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The Lonely City: Olivia Laing

David Wojnarowicz: Arthur Rimbaud in New York (Times Square), 1978-79

 

What drives an artist to do what they do? What compels them? What are the underlying factors?

 

Do, what we consider ‘great’ painters, writers and performers produce because they are driven by some unseen internal forces, or, are they engaging creatively as the result of pragmatism: Create - rather than criticise? Olivia Laing would probably have us believe in the former and I would tend to agree with her. Her excellent book The Lonely City: Adventures in the Art of Being Alone has plenty to say on the matter.

 

Although her title doesn’t really offer a way into the main subjects of this book, it nonetheless ‘drives’ her output and provides a framework for her investigation; her own loneliness, which she expertly reveals to us, acknowledging all its inherent shamefulness. Laing describes herself as a writer and critic and she writes for amongst others Frieze, The Guardian and New Statesmen.

 

Whilst living in New York, where she had relocated to live with a lover, who subsequently changed his mind, she found herself instead “clinging hopelessly to the city itself”, and began to look for her mood reflected in images both of the city, and produced in, New York.

 

Laing has an enviable ability to write both well, interestingly and engagingly so, whilst also following her own notions of what it is that an artist does and produces. Fascinated with the image of isolation within the city, and happy not to follow the accepted wisdoms of the art history she is obviously educated in Laing looks at a number of artists and asks of their output – what is it that they do? Mixing biography whilst interrogating works themselves, her writing ranges easily between the social (and sex) lives of her artists, whilst analysing how their output deals with the uneasy subject of how they relate to others; how we feel personally inadequate in the image of the constantly ‘active’ and busy city.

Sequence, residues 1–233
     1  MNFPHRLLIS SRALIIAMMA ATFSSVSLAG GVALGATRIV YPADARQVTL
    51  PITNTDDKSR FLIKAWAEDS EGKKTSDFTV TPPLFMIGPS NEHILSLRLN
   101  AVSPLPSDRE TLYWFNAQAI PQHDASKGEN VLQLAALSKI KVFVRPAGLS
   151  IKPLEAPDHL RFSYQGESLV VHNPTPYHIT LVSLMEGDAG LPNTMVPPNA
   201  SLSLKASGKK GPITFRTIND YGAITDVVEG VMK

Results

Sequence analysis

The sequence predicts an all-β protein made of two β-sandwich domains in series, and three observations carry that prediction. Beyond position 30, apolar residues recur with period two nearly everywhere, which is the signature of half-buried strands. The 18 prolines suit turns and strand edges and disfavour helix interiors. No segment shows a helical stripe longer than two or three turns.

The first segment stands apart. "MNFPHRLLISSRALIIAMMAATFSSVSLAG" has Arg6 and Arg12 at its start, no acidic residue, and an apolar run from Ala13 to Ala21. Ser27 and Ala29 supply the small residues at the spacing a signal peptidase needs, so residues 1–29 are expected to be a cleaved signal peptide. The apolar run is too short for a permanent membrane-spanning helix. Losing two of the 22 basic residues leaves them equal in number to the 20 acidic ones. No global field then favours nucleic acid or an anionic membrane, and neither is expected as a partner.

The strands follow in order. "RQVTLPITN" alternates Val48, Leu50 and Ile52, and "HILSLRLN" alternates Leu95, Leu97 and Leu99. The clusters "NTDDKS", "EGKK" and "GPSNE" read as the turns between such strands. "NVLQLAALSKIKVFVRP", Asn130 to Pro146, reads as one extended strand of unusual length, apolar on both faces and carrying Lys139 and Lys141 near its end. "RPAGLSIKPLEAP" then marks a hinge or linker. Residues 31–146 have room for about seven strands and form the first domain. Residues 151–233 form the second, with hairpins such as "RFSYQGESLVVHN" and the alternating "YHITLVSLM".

Laing is also critical of gentrification, and worries that the city will suffer immeasurably due to the ‘blandification’ authorities impose on our streets as they stifle anything that transgresses accepted ‘normalities’ – how this cleaned, ‘acceptable’ image of the city ultimately make us all feel lonely: how it says nothing to us about our lives.